40 Years and Counting: The Independent and Effective Congressional Budget Office

Feb 24, 2015

This February marks 40 years since the establishment of the Congressional Budget Office (CBO) — a nonpartisan government agency that provides information to Congress about the budget and economy. Since its inception, CBO has earned a well-deserved reputation as an impartial budget referee, widely respected for its independence and effectiveness in providing information and analysis to lawmakers.

CBO was established under the Congressional Budget and Impoundment Control Act of 1974 that organized the budget process in the legislative branch. Prior to that law, the president’s Office of Management and Budget was the primary source of budgetary and economic information for the federal government. Congress’s dependence on the executive branch for this important information was at odds with the principle of separation of powers of our three branches of government. With the establishment of CBO, Congress created an agency to support its budgeting activity, freeing itself from dependence on the executive branch.

The CBO director is appointed by the Speaker of the House and the President pro tempore of the Senate “without regard to political affiliation and solely on the basis of [his or her] fitness to perform [his or her] duties.” The budget committees in the House and Senate both make recommendations during this process. Each director serves a fixed term of up to four years and may be reappointed.

"CBO has been a counterweight not merely to the Office of Management and Budget but to the centrifugal tendencies of the congressional committee system. The strength of the central budget office has resided in its independence. The political standoffs over the budget in recent years have obscured CBO's contribution, but its calm yet insistent analyses have raised the quality of fiscal debate in Congress, and between Congress and the executive, enormously."

"New Man at CBO." The Washington Post, March 7, 1989.

CBO was formally established as a nonpartisan agency, and that has been a critical and enduring part of the office’s effectiveness. This concept has been reinforced by the actions of its directors, following the path charted by the agency’s first director, Alice Rivlin. In the agency’s first year, Dr. Rivlin clearly articulated this principle of impartiality, stating, “Let me say strongly and loudly that CBO wants to be fair and nonpartisan... and to be an analytically straightforward and professional organization that calls issues as we see them, without any bias in any political direction.” For the past 40 years, this vision of independence has continued at the agency, pursued with firmness by subsequent directors and staff alike.

CBO has a highly-skilled staff which numbers about 235, most with backgrounds in public policy or economics. The agency’s staff produces a wide variety of reports every year that fulfill the agency’s three key responsibilities:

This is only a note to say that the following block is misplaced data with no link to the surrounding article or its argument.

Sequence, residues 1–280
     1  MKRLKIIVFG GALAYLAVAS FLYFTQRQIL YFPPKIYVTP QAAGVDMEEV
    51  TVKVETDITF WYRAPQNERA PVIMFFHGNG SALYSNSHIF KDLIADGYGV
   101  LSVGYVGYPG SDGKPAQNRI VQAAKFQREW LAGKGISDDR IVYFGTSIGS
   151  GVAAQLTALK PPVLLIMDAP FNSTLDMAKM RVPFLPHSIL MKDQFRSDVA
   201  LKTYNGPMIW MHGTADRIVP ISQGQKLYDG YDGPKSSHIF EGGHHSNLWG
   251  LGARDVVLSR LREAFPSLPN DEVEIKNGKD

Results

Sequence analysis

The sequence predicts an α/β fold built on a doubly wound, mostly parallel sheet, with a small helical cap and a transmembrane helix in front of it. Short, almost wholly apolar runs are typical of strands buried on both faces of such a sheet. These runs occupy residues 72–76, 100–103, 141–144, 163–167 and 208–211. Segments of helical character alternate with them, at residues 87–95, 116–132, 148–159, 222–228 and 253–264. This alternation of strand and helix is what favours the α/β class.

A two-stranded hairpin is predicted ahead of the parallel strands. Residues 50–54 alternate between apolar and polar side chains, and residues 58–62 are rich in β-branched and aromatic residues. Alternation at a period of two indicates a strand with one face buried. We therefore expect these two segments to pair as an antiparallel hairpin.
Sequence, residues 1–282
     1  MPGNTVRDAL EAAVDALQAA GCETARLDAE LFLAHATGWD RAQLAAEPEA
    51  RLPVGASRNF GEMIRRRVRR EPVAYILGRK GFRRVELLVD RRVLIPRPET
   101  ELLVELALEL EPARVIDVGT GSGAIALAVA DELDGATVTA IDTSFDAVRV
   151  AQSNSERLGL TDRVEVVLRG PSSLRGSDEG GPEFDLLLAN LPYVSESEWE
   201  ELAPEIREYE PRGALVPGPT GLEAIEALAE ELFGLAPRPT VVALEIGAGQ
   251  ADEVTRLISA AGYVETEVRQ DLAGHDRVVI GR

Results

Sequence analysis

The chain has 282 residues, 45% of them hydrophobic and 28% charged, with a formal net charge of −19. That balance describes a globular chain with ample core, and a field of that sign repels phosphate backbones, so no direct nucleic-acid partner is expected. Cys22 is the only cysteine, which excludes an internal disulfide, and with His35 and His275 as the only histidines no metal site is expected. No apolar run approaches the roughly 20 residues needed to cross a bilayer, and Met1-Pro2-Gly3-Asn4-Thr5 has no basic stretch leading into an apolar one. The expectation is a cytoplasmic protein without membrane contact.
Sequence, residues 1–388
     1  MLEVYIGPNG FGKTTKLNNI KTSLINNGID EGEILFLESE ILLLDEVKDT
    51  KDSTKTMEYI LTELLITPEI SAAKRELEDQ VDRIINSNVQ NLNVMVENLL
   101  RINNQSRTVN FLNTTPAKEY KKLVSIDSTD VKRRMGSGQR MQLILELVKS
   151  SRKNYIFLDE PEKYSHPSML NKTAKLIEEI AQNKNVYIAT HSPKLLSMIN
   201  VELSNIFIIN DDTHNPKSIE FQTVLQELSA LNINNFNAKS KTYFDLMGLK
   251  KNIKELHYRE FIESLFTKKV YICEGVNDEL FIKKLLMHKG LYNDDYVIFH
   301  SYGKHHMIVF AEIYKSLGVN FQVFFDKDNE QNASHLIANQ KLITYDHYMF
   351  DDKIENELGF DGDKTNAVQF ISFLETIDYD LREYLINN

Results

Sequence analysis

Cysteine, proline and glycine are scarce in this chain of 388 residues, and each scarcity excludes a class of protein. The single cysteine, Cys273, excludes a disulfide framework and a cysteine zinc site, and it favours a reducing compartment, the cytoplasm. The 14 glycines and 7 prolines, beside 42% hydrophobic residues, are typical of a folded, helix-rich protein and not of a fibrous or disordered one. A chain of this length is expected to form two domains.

• Producing projections of the budget and the economy: CBO provides projections of the budget and economy over 10 years. These budget projections are known as the baseline and generally assume that current laws for taxes and federal spending remain in place. CBO also produces a long-term outlook for the budget, extending 75 years into the future.
  • Estimating the budgetary impact of legislation: One of CBO’s primary responsibilities is providing a cost estimate or score for nearly all bills that are approved by a Congressional committee (House or Senate). This cost estimate is a critical component of the legislative process, as it provides lawmakers and the public with an independent assessment of a bill’s projected impact on federal spending. (The congressional Joint Committee on Taxation prepares all revenues estimates, which are included in CBO’s cost estimates for legislation affecting spending and revenues.) Each year, CBO estimates that it produces between 500 and 700 formal cost estimates, as well as informal cost estimates for thousands of preliminary proposals being developed by Congress.
  • Providing budgetary and economic analysis for the Congress: CBO analyzes the fiscal and economic impact of timely policy issues facing the nation, such as immigration, tax reform, and energy production.

Carrying out these duties for 40 years and upholding a commitment to quality and integrity, the Congressional Budget Office has become an indispensable part of the nation’s policymaking process. The milestone of CBO’s 40th anniversary provides a good opportunity for policymakers to reaffirm their support for the independence of this important institution.

Additional resources

For further reading on CBO and its history, we recommend:

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